Dear Dietitian – Does vitamin D help protect against heart attacks?

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Published Friday, April 17, 2020
PICT Leanne McCrate Dear Dietitian
by Leanne McCrate, RDN, LD, CNSC

Dear Dietitian,

I recently read an article that said vitamin D will protect against heart attacks. However, I have read several other articles that said the opposite. Would you guys make up your minds already?


Dear Sam,

Let me begin by saying I understand your frustration when it comes to contradictory nutrition studies. It can be confusing for consumers and health care professionals. The science of nutrition is still in its infancy, and especially with nutrition and disease prevention, we are still finding our way. New things are being revealed, and remember, one study is not definitive.

Vitamin D is found in two forms: vitamin D2 (ergocalciferol) and D3 (cholecalciferol). Vitamin D2 is found in mushrooms and is used to fortify foods like milk, yogurt, and cereals. Vitamin D3 is found in fatty fish, such as salmon and rainbow trout, egg yolks, beef liver, and fish oils. It is possible to get too much vitamin D since it is stored in body fat, but this is rare unless taking supplements. The Recommended Daily Allowance (RDA) for vitamin D is 600 IU (international units) if you are 70 years or younger, and 800 IU daily for those who are over 70. Talk to your doctor before beginning any dietary supplement.

The main function of vitamin D is to lay calcium to the bones, thereby strengthening them. Our bodies have the ability to manufacture this vitamin through sunlight exposure, but the amount produced varies. Those with darker skin do not absorb as much sunlight as people with lighter skin, and sun exposure is vital for the production of vitamin D. 

Several observational studies have linked vitamin D deficiency to an increased risk of heart disease. Therefore, it is logical that increasing vitamin D levels by way of supplementation would correct the problem. However, studies failed to prove this link. Vitamin D supplementation has shown a modest or neutral effect on the risk of heart disease.

A recent study published in the Journal of Human Nutrition and Dietetics found a positive link between vitamin D-containing foods and reduced risk of heart disease. The data was taken from the ATTICA study, which was based in Athens, Greece. Researchers tracked more than 3000 people who recorded their daily food intake for ten years. They discovered that men with the highest vitamin-D intake from food had a reduced risk of heart disease. Interestingly, the same results were not found in women. This study was observational, which does not show cause and effect; however, it may point researchers in the right direction as to what to study further.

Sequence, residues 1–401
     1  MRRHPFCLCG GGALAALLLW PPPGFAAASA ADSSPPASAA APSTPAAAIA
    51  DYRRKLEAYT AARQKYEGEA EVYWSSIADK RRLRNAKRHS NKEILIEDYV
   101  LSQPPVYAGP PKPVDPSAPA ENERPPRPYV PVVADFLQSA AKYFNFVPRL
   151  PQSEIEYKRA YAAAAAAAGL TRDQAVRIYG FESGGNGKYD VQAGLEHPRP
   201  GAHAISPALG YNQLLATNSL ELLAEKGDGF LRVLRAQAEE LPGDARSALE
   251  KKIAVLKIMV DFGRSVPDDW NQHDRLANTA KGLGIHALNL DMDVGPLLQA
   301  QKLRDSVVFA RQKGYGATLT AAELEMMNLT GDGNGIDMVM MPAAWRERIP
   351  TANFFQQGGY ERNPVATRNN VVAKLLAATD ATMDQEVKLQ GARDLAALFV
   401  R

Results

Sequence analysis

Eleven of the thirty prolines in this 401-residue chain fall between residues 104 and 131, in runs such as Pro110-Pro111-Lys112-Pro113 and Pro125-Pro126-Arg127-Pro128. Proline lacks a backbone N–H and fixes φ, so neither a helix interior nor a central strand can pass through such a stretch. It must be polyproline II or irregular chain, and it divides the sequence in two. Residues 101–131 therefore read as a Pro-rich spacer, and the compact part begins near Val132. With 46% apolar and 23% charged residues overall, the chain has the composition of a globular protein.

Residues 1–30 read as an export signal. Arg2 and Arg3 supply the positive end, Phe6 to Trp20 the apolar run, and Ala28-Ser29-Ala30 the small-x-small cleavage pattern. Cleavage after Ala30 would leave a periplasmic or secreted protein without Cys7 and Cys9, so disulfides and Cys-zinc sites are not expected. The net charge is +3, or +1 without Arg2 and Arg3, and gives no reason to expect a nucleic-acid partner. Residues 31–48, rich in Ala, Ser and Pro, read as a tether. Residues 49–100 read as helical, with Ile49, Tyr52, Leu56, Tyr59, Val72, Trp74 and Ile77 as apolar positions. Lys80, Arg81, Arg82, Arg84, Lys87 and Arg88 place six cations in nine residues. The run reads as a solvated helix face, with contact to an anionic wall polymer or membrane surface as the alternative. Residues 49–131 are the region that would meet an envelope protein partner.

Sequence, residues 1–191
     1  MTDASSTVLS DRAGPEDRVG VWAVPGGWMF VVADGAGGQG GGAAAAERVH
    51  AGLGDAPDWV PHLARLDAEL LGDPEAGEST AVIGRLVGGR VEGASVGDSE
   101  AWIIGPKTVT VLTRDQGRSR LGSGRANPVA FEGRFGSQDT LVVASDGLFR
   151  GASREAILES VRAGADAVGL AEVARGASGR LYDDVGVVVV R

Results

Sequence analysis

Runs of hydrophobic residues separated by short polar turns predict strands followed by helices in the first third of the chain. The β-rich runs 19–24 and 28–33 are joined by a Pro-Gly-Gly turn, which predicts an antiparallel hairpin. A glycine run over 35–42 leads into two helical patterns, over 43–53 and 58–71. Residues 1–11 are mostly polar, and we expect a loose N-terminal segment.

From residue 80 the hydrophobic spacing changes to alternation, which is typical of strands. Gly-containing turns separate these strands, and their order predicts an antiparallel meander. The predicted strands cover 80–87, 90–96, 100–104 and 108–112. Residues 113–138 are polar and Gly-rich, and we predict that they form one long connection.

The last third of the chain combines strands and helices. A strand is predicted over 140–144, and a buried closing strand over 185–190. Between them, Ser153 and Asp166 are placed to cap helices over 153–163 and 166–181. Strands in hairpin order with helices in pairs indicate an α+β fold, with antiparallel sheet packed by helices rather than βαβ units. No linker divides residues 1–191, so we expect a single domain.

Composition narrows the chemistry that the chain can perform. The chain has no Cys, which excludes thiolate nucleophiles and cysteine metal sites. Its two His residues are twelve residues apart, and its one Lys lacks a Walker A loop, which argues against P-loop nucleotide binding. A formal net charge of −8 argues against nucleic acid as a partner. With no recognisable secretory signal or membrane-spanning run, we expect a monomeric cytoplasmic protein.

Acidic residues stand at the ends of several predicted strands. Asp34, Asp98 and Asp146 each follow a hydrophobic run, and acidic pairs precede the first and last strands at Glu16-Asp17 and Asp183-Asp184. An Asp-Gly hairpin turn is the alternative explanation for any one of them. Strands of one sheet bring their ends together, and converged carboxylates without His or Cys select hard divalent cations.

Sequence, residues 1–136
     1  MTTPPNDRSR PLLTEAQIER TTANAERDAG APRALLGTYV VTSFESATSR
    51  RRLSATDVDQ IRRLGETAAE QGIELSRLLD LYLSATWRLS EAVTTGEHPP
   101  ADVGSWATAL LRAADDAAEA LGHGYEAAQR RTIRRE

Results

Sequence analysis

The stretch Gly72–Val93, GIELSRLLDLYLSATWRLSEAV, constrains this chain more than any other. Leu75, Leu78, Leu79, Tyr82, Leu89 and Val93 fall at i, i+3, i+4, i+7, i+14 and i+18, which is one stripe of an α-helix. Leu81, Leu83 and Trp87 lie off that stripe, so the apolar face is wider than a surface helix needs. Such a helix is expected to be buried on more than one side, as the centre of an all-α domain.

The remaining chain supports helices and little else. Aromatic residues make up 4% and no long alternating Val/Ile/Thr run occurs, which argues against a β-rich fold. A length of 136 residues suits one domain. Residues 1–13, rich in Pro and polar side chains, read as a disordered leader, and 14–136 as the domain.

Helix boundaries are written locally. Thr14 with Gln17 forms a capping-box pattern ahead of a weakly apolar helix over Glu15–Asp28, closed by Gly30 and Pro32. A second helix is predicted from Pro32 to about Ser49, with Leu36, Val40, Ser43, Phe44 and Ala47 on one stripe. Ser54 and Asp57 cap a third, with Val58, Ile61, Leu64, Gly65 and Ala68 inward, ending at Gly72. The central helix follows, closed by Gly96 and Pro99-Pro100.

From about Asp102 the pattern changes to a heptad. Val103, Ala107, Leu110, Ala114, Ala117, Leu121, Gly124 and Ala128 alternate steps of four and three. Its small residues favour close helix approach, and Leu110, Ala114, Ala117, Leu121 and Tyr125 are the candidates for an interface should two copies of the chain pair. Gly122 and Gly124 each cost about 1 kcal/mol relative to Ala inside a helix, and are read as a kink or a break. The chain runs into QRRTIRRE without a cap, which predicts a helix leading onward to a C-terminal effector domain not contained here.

When digesting nutrients, your body doesn't know if you are getting nutrition from food or a pill. That said, why would a study on vitamin D-containing foods show a preventive effect on heart disease when studies on supplements have failed to do so? First, it could be what I like to call the x factor, which is simply something yet to be revealed. It is possible that vitamin D + the x factor combined have a protective effect. Second, it is important to realize that when most of research reveals one result, and one study reveals the opposite, go with the majority. Therefore, it is likely, although not certain, that further studies on vitamin D-containing foods will show a modest or neutral effect on the risk of heart disease. But remember that eating fatty fish twice a week and drinking milk every day have many other positive health benefits.

Until next time, be healthy!

Dear Dietitian


  1. Kouvari, M, Panagiotakos, B, et al. Dietary vitamin D intake, cardiovascular disease and cardiometabolic risk factors: a sex-based analysis from the ATTICA cohort study. Journal of Human Nutrition and Dietetics, April 2020, Retrieved from
Leanne McCrate, RDN, LD, CNSC, aka Dear Dietitian, is an award-winning dietitian, based in Missouri. Her mission is to educate consumers on sound, scientifically-based nutrition. Do you have a nutrition question? Email her today at Dear Dietitian does not endorse any products, health programs, or diet plans. may earn an affiliate commission if you purchase products or services through links in an article. Prices, when displayed, are accurate at the time of publication but may change over time. Commissions do not influence editorial independence.

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